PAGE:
Consumer Financial Protection Bureau Consumer Financial Protection Bureau

Mick Mulvaney, acting director of the CFPB, testifies at a House hearing. Mulvaney says he doesn't need to run "a Yelp for financial services sponsored by the federal government." Manuel Balce Ceneta/AP hide caption

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Manuel Balce Ceneta/AP

The Consumer Complaints Database That Could Disappear From View

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The Rev. Sekinah Hamlin (left) of Greensboro, N.C., and the Rev. Dr. Jack Sullivan Jr., of Findlay, Ohio, were among the faith leaders protesting outside the payday lenders conference near Miami. Greg Allen/NPR hide caption

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Payday Lenders Convening At A Trump Resort Are Met By Protesters

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A man walks by a New York City auto dealership in 2017. Studies have found that African-Americans and Hispanics have systematically been charged a higher markup on auto loans than have white borrowers. Spencer Platt/Getty Images hide caption

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Mick Mulvaney arrives at the Consumer Financial Protection Bureau on Nov. 27, 2017, after being named director by President Trump. Mulvaney's appointment is being challenged in court by Leandra English, who had been appointed to that position by outgoing Director Richard Cordray. Alex Wong/Getty Images hide caption

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Mick Mulvaney, interim director of the Consumer Financial Protection Bureau, wants to give Congress prior approval of any major new rules created by the bureau. Brendan Smialowski/AFP/Getty Images hide caption

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Brendan Smialowski/AFP/Getty Images

Proposed cuts in funding for the Consumer Financial Protection Bureau come amid questions about Trump appointee Mick Mulvaney softening the agency's stance on payday lenders. Joshua Roberts/Reuters hide caption

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Joshua Roberts/Reuters

Trump Administration's Latest Strike On CFPB: Budget Cuts

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Office of Management and Budget Director Mick Mulvaney is also the interim director of the Consumer Financial Protection Bureau. Carolyn Kaster/AP hide caption

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Trump Administration Plans To Defang Consumer Protection Watchdog

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Mick Mulvaney, a former Republican lawmaker and current White House budget chief, was also picked as interim head of the Consumer Financial Protection Bureau. Astrid Riecken/Getty Images hide caption

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Under Trump Appointee, Consumer Protection Agency Seen Helping Payday Lenders

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Starting this week, there are two people appointed to the job of acting director of the CFPB, and it's unclear who will get to stay. Mick Mulvaney, President Trump's current budget director and pick for the position, has gone on the record supporting the elimination of the bureau, which would make it easier for loan services to take advantage of borrowers. Jacquelyn Martin/AP hide caption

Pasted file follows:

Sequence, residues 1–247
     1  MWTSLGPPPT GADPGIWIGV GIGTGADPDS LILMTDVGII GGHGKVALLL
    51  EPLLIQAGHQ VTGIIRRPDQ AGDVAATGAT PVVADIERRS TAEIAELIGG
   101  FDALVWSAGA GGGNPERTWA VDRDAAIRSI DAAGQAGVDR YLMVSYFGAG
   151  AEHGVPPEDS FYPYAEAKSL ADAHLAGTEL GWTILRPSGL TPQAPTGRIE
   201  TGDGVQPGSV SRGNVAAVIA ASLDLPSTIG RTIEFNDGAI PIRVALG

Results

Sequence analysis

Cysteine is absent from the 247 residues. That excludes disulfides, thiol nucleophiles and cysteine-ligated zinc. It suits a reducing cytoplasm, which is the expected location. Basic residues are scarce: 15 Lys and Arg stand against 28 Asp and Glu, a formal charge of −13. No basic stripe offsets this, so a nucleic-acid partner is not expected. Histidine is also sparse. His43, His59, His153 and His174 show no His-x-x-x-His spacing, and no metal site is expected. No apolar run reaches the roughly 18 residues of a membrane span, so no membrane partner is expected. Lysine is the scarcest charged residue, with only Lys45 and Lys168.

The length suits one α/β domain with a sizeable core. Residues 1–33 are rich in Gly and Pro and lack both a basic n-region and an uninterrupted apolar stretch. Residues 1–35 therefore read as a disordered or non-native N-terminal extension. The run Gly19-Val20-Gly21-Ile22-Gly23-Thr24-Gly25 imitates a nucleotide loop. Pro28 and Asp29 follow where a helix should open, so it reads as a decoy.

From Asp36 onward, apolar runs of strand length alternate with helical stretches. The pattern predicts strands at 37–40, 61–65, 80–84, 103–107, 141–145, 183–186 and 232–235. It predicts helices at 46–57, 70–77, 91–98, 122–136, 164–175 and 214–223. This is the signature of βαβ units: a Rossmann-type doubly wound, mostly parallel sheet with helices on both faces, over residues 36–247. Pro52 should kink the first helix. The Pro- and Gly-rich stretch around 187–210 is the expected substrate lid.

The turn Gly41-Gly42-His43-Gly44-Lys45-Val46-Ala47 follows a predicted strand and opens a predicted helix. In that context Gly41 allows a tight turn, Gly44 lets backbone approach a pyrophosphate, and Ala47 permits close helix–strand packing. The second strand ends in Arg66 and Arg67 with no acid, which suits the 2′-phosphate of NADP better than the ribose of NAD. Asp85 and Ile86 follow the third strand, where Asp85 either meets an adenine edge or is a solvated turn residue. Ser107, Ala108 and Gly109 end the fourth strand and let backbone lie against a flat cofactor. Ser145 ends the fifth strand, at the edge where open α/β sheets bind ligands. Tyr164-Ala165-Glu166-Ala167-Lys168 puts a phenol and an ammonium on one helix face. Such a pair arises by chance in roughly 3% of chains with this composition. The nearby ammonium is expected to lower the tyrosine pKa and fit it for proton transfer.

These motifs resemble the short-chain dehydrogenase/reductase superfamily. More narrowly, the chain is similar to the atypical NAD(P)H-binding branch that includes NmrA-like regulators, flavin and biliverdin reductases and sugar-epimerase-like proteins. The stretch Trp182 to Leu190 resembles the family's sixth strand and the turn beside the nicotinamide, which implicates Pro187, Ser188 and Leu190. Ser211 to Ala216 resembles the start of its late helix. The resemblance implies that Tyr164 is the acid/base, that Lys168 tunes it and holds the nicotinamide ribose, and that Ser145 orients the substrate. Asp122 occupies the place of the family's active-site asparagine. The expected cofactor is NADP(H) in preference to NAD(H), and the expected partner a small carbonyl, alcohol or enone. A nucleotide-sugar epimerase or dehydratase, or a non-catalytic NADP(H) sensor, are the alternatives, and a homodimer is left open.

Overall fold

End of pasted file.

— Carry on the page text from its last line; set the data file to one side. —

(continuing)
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Mick Mulvaney, director of the Office of Management and Budget, was on Friday named acting director of the Consumer Financial Protection Bureau by President Trump. But before resigning earlier in the day, CFPB Director Richard Cordray had named Leandra English to be his interim successor. Astrid Riecken/Getty Images hide caption

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Richard Cordray, who was appointed by President Barack Obama, is stepping down as head of the Consumer Financial Protection Bureau. Saul Loeb/AFP/Getty Images hide caption

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Richard Cordray, director of the Consumer Financial Protection Bureau, testifies before a Senate committee last year. The Trump administration is trying to bring the independent bureau under the president's direct control. Alex Wong/Getty Images hide caption

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John Stumpf, chairman and CEO of Wells Fargo. Stumpf testifies today before the Senate Banking Committee about his bank employees opening unauthorized customer accounts. Jeff Chiu/AP hide caption

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Regulators announced Thursday that Wells Fargo is being fined $185 million to settle allegations that it secretly opened unauthorized accounts for customers in order to meet sales goals. Ben Margot/AP hide caption

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'Mystery Shoppers' Help U.S. Regulators Fight Racial Discrimination At Banks

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The problems with the Russell Simmons' financial company, RushCard, started Oct.12, when a software upgrade in the transaction processing system caused many accounts to show a zero balance or left customers unable to access to their funds. Rob Latour/Rob Latour/Invision/AP hide caption

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Consumer Financial Protection Bureau Director Richard Cordray, center, participates in a panel discussion in March. His agency is considering banning financial companies from routinely requiring consumers to sign away the right to sue. Steve Helber/AP hide caption

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Richard Cordray, director of the Consumer Financial Protection Bureau. Ron Sachs/pool/Getty Images hide caption

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'We're Here To Stay' Says Newly Confirmed Consumer Watchdog

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